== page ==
Mucosal melanomas include head and neck, vulvovaginal, anorectal and urinary tract melanomas. More than 50 % of cases of mucosal melanoma arise from head and neck mucosal surfaces. The nasal cavity is the most common head and neck site for mucosal melanoma followed by the oral cavity [1]. Less frequent sites in the head and neck region include the pharynx, larynx and oesophagus. Clinically mucosal melanomas arising from the nasal cavity and paranasal sinuses present with nasal obstruction, epistaxis and anosmia [19]. Oral mucosal melanoma is frequently detected as mucosal pigmentation, bleeding or ulceration [20]. The genital tract is the most common site of mucosal melanoma in females, responsible for more than 50 % cases [1]. In females, the vulva is the most common site for genitourinary melanoma, followed by the vagina. Anorectal mucosal melanoma represents approximately 0.05 percent of all colorectal malignancies [21]. The rectum is the most common site (42 %), followed by the anal canal (33 %) and overlapping areas (25 %) [21]. HIV infection increases the risk of anorectal melanoma [22].

In 2010, the AJCC developed a specific TNM staging system for head and neck mucosal melanoma. According to the AJCC, staging of mucosal melanomas of the head and neck is done according to the tumour, node and metastasis (TNM) classification with disease confined to the mucosa designated as T3 to reflect their aggressiveness (Table 1) [23]. Contrary to head and neck mucosal melanoma, there is no universal staging system for anorectal and vaginal melanoma. The Ballantyne staging system, which was originally developed to stage head and neck melanomas, is generally used to stage anorectal and vaginal melanomas (Table 2) [2, 24, 25]. The AJCC-2002 staging system for cutaneous malignant melanoma is used to stage vulvar melanoma and is the most significant predictor of recurrence­free survival (Table 3) [26]. The diagnostic workup for mucosal melanoma includes endoscopic examination and various imaging modalities including CT, MRI and PET/CT. CT and/or MRI are used for evaluation of the primary site of disease in various mucosal melanomas, for delineation of local extent of disease and regional lymph nodal involvement. MRI is particularly useful in differentiating melanoma from other tumours because of its high soft tissue resolution and ability to depict characteristic T1 hyperintensity and T2 hypointensity of melanin. Evaluation of lymph node involvement and metastatic disease is usually done by CT or PET/CT. CT and/or PET/CT is also used for assessment of response to treatment.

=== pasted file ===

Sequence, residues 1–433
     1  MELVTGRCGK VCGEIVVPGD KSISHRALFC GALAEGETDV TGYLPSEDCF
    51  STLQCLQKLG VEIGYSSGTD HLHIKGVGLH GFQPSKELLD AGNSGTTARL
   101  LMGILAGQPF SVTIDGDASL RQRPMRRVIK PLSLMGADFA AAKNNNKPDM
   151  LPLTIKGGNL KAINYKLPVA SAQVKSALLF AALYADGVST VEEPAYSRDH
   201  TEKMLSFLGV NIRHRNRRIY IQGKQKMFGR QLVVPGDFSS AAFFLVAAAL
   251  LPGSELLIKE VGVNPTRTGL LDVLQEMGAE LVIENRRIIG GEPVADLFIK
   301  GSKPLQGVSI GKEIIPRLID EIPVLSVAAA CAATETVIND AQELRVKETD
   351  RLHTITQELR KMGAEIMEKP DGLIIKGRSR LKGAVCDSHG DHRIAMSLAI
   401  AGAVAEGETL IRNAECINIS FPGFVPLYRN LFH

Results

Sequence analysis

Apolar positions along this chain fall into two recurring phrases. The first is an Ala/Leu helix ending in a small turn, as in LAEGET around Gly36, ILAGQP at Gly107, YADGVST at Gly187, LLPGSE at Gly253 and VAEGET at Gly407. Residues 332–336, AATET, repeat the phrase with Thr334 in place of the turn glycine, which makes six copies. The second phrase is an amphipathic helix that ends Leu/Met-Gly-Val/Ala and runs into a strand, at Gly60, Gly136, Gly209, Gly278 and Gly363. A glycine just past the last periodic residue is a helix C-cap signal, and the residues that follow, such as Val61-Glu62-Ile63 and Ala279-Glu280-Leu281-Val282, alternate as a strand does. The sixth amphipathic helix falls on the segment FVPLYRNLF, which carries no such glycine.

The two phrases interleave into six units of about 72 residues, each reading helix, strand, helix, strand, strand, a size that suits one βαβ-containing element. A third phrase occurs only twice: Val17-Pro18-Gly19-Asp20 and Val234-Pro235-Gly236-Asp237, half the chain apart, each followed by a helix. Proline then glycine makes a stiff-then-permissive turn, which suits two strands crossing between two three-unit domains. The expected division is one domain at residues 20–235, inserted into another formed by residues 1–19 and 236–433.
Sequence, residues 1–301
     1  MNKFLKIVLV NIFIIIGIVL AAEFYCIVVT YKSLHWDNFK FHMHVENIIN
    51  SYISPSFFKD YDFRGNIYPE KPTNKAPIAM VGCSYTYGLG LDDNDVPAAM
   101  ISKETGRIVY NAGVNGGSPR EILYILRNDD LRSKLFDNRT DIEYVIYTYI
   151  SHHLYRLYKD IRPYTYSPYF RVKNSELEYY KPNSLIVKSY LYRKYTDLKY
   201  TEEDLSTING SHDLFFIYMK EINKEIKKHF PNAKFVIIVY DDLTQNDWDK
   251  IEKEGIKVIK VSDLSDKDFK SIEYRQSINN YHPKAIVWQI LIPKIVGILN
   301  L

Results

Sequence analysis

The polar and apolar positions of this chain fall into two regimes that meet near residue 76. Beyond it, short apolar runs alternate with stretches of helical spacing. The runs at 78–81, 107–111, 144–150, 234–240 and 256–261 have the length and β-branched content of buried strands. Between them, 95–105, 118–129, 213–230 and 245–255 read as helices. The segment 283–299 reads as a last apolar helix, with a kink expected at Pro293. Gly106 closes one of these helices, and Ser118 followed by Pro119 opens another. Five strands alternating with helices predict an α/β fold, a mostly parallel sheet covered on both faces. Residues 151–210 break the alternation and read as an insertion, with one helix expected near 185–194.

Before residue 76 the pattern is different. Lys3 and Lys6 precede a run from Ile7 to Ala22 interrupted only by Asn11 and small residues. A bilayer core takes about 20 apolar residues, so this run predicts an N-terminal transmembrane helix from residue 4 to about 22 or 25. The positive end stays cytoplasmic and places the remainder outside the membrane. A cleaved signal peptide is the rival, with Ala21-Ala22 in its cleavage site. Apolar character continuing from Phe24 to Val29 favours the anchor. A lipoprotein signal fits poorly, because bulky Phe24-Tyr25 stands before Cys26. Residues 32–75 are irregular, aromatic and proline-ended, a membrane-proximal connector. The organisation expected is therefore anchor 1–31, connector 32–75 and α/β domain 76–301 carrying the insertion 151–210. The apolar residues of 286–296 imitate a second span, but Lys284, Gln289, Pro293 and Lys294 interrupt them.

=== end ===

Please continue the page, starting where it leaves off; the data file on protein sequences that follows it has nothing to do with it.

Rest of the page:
Table 1 TNM Classification of Mucosal Melanoma of the Head and Neck
Table 2 Ballantyne staging system
Table 3 (AJCC) TNM staging system of vulvar melanoma

Imaging findings

Head and neck mucosal melanoma

Most frequent sites of head and neck mucosal melanoma are mucosa of nasal cavity, oral cavity and paranasal sinuses [27]. Among sinonasal melanoma the most common sites of origin are the nasal septum, lateral nasal wall, paranasal sinuses, and the inferior and middle turbinates. Within the oral cavity, the upper alveolus and hard palate are frequent sites. Sometimes the origin of the primary tumour is difficult to assess because of the large size and multifocal nature of the tumour. Lymph node metastases are seen in up to 25 % of patients at presentation, mostly involving the submandibular and upper jugular groups [28]. Lymph node metastases are less common in sinonasal melanoma in comparison with oral mucosal melanomas [27]. Adverse prognostic factors in head and neck mucosal melanomas are clinical stage at presentation, tumour thickness greater than 5 mm, vascular invasion and distant metastases [27].

The CT appearance of sinonasal melanoma is nonspecific and consists of a mass lesion with contrast enhancement and adjacent osseous destruction (Fig. 6a). The MRI appearance depends on the histological features of the lesion (melanotic verus amelanotic) and presence of haemorrhage within the lesion [29]. Melanotic melanomas typically exhibit T1 hyperintensity and an intermediate-hypointense pattern on T2-weighted MRI. Amelanotic melanomas are generally hypointense on T1- and hyperintense on T2-weighted sequences. The lesions demonstrate mild to moderate enhancement on gadolinium-enhanced MRI [29]. The differential diagnosis of T1 hyperintense lesions includes haemorrhage in primary nasal lesions such as haemangioma and juvenile angiofibroma, proteinaceous secretions in mucoceles, fat-containing lesions and haemorrhagic metastases.

Fig. 6